Celebrated jazz pianist/composer/visual artist Jason Moran’s Walker-commissioned multimedia performance The Last Jazz Fest examines various ways jazz functions: as freedom music, as a model of democracy, and as a prop. The work features Moran’s trio the Bandwagon (with bassist Tarus Mateen and drummer Nasheet Waits) and DJ Ashland Mines in collaboration with artists Lizzie Fitch and Ryan Trecartin, whose narrative-driven video installations explore the fluid nature of identity, community, and cultural subjectivity.

The world premiere on May 18–19, 2018, was presented in conjunction with the exhibition Jason Moran, on view in the Walker galleries April 26–August 26, 2018. The Walker’s rich history with Moran has included unique concerts, residencies, publishing projects, and commissions/premieres like Milestone (2005), his landmark collaboration with Adrian Piper, one of his first interdisciplinary works.

Amir George, Shades of Shadow, 2015

Photo: Bobby Rogers.

Amir George
Shades of Shadow, 2015
with original score by Astralblak
digital video; 6 min.
Walker Commission
Courtesy of the Walker Art Center’s Ruben/Bentson Moving Image Collection

Shades of Shadow was shown in the Walker’s Sound for Silents film festival in August 2019, with Minneapolis-based Astralblak as the featured band. Created solely with found footage, this metaphysical collage of psychedelic live action/animation delves into spiritual mysticism and ritual.

Amir George, a filmmaker and curator based in Chicago, is a programmer at True/False Film Fest and cofounder of Black Radical Imagination with curator Erin Christovale. As an artist, George creates spiritual stories, juxtaposing sound and image into an experience of nonlinear perception. George’s films have screened at institutions and film festivals including Institute of Contemporary Arts in London, Glasgow School of Art, Museum of Contemporary Art Chicago, Trinidad and Tobago International Film Festival, BlackStar Film Festival, and Afrikana Film Festival, among others.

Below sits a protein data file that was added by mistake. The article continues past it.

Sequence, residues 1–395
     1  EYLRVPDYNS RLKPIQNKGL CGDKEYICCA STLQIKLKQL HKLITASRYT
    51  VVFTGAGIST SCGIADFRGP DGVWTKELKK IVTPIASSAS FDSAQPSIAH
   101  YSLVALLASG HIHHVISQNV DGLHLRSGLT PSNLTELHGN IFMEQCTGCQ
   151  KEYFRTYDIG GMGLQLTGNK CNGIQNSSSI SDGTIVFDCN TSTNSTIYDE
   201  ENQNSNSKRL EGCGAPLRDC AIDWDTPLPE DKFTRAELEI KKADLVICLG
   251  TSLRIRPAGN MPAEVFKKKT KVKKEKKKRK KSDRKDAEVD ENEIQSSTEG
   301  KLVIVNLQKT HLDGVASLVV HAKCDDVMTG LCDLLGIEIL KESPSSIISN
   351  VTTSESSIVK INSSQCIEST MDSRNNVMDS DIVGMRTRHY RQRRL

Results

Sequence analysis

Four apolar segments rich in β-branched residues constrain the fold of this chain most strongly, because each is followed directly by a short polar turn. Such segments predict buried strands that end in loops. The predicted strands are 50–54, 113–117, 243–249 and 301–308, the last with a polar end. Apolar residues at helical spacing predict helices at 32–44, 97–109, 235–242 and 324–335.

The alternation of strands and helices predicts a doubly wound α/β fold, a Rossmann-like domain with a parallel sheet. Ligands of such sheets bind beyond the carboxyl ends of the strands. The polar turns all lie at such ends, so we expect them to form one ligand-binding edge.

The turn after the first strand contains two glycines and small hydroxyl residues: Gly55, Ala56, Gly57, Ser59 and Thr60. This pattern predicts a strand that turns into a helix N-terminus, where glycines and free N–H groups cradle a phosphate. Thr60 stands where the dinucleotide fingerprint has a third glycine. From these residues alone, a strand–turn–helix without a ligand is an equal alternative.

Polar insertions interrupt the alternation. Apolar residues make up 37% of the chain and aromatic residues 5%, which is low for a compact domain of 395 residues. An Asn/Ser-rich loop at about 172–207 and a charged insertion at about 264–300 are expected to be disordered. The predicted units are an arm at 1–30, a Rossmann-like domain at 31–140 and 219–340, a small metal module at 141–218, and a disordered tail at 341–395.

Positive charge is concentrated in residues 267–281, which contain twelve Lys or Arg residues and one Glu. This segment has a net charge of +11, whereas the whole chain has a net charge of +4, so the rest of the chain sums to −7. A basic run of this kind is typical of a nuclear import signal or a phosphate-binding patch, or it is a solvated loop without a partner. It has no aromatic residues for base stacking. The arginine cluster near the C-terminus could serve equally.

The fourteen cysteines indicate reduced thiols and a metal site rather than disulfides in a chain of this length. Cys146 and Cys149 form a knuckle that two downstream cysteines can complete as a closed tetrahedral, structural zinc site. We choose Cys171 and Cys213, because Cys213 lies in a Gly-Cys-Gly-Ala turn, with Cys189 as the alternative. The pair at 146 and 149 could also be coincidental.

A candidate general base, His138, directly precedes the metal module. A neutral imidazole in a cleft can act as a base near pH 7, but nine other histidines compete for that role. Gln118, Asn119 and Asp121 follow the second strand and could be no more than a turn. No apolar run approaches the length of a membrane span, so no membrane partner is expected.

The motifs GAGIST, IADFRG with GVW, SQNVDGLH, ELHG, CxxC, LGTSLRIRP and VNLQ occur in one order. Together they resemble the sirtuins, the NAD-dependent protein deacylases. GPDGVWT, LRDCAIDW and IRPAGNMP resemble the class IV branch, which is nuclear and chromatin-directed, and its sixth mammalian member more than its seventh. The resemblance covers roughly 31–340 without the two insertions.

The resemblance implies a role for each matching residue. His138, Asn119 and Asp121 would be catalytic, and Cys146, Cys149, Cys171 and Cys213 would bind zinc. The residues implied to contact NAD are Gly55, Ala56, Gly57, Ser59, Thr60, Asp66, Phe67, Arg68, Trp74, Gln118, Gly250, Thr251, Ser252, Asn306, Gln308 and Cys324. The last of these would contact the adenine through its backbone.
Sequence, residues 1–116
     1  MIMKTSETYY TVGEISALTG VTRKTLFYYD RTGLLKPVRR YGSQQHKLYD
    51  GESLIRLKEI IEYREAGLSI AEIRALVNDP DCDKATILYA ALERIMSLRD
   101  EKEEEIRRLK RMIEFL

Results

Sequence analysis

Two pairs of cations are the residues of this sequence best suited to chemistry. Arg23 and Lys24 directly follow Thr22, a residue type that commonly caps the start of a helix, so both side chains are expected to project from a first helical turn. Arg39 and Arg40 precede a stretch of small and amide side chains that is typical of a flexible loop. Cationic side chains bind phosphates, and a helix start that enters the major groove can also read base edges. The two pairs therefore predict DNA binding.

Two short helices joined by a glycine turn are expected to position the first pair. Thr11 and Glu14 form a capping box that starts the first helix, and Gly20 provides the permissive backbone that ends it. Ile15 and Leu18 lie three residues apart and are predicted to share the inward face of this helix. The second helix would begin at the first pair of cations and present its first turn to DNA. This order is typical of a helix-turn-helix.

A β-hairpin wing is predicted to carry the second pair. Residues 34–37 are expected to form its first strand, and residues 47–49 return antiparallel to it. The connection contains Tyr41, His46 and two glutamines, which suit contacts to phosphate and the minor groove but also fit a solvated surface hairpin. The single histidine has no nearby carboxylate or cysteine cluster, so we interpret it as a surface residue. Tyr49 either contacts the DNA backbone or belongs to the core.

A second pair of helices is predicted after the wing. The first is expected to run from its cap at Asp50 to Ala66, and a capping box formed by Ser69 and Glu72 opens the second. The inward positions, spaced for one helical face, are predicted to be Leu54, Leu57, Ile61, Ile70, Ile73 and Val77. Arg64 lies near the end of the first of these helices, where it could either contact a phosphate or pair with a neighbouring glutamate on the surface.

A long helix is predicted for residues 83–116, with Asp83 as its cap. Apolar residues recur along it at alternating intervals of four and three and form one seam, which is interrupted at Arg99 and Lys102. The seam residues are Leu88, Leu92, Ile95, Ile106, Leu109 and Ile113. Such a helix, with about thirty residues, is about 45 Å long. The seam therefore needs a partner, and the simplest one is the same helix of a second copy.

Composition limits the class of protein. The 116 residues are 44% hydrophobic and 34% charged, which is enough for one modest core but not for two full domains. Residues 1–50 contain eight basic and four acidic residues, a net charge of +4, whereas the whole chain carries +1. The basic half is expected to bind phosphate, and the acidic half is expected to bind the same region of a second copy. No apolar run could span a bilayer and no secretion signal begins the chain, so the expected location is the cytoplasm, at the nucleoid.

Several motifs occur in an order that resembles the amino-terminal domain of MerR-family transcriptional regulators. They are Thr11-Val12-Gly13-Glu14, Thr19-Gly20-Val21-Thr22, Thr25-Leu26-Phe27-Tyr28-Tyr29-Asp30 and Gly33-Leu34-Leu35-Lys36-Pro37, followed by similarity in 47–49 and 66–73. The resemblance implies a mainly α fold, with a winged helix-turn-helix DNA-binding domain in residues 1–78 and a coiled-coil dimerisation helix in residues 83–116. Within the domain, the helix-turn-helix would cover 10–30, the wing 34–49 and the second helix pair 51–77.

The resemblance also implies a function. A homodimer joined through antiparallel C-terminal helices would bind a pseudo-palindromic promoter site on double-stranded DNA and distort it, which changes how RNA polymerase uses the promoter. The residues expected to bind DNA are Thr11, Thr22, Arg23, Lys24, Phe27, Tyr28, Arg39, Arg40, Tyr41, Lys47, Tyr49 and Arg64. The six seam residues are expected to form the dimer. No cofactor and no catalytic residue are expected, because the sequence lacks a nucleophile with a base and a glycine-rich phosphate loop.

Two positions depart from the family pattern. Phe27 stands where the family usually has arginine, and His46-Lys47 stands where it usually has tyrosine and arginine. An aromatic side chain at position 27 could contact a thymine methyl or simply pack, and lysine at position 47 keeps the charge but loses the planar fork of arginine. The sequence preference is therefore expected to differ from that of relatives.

Astralblak is made up of five musicians/producers—MMYYKK, Proper-T, Greg Grease, DJ Just Nine, and Elliott—who see themselves as part of a larger movement searching for Black Excellence. Armed with various synths, drum machines, and instruments, they set out to bring a new, exploratory modern sound influenced by the greats of funk, soul, and jazz with electronic excursions, hard grooves, Afro-futurism, and soulful melodies. “Astralblak is church, it’s therapy, it’s family, it’s a space where we can express ourselves freely as black men with no limitations,” says multi-instrumentalist/vocalist MMYYKK, “Astralblak is a vessel, a spiritual and sonic culmination of our own experiences and the influences of our ancestors.”

Note: Shades of Shadow contains brief nudity.

Daniel del Prado, Martina Paraíso Cordial and Paraíso Cocktail Kit, 2021

Courtesy Martina Restaurant.

Daniel del Prado
Martina Paraíso Cordial and Paraíso Cocktail Kit, 2021
passionfruit, mango, Thai chili, and orange bitters

Chef Daniel del Prado was born in Buenos Aires to parents of Spanish and Italian descent where his exposure to the culinary industry began at a young age. In his early 20s, del Prado began his career in Colorado—cooking at night and snowboarding during the day. He then moved to Minneapolis where he had the opportunity to work in some of the finest kitchens in town, including La Belle Vie and Solera. In 2009 he teamed up with his mentor Isaac Becker to open Bar La Grassa. In 2013, he again partnered with Becker as the executive chef of Burch Steak and Pizza Bar. He began opening his own family of restaurants in 2017 which now include the Argentinian-inspired Martina and adjacent pizza oven Rosalita in Linden Hills, Tex-Oaxcan Colita in the Armatage neighborhood, and the highly anticipated Josefina and Pizza Fina in Wayzata. Del Prado will also soon open a temporary pop-up, Café Ceres, at the Walker this spring.

For Out of the Box: A Walker Night In, del Prado has selected his Paraíso Cordial and Paraíso Cocktail Kit. A delightful mix of rosa vermouth, passionfruit, mango, lime, Thai chili, and orange bitters, the kit includes multiple recipes, garnishes, and additional spirit recommendations.